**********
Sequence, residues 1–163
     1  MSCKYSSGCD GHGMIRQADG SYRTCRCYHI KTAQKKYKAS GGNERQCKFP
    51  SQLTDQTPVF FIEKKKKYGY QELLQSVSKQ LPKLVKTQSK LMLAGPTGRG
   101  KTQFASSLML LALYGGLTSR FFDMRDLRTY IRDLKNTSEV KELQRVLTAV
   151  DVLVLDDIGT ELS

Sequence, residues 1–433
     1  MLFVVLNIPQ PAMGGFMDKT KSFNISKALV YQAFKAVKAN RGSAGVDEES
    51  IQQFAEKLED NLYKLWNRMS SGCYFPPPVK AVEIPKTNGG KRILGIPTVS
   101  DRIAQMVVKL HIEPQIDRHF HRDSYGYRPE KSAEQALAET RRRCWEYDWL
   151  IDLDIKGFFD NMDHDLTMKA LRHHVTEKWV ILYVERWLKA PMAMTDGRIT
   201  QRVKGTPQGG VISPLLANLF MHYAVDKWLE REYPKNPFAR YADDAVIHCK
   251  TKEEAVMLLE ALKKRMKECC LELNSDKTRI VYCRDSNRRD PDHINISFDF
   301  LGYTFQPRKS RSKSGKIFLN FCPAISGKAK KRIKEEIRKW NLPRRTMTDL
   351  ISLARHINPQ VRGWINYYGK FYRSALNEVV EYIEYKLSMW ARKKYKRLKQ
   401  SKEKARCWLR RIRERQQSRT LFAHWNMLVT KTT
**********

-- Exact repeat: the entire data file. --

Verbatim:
Sequence, residues 1–163
     1  MSCKYSSGCD GHGMIRQADG SYRTCRCYHI KTAQKKYKAS GGNERQCKFP
    51  SQLTDQTPVF FIEKKKKYGY QELLQSVSKQ LPKLVKTQSK LMLAGPTGRG
   101  KTQFASSLML LALYGGLTSR FFDMRDLRTY IRDLKNTSEV KELQRVLTAV
   151  DVLVLDDIGT ELS

Sequence, residues 1–433
     1  MLFVVLNIPQ PAMGGFMDKT KSFNISKALV YQAFKAVKAN RGSAGVDEES
    51  IQQFAEKLED NLYKLWNRMS SGCYFPPPVK AVEIPKTNGG KRILGIPTVS
   101  DRIAQMVVKL HIEPQIDRHF HRDSYGYRPE KSAEQALAET RRRCWEYDWL
   151  IDLDIKGFFD NMDHDLTMKA LRHHVTEKWV ILYVERWLKA PMAMTDGRIT
   201  QRVKGTPQGG VISPLLANLF MHYAVDKWLE REYPKNPFAR YADDAVIHCK
   251  TKEEAVMLLE ALKKRMKECC LELNSDKTRI VYCRDSNRRD PDHINISFDF
   301  LGYTFQPRKS RSKSGKIFLN FCPAISGKAK KRIKEEIRKW NLPRRTMTDL
   351  ISLARHINPQ VRGWINYYGK FYRSALNEVV EYIEYKLSMW ARKKYKRLKQ
   401  SKEKARCWLR RIRERQQSRT LFAHWNMLVT KTT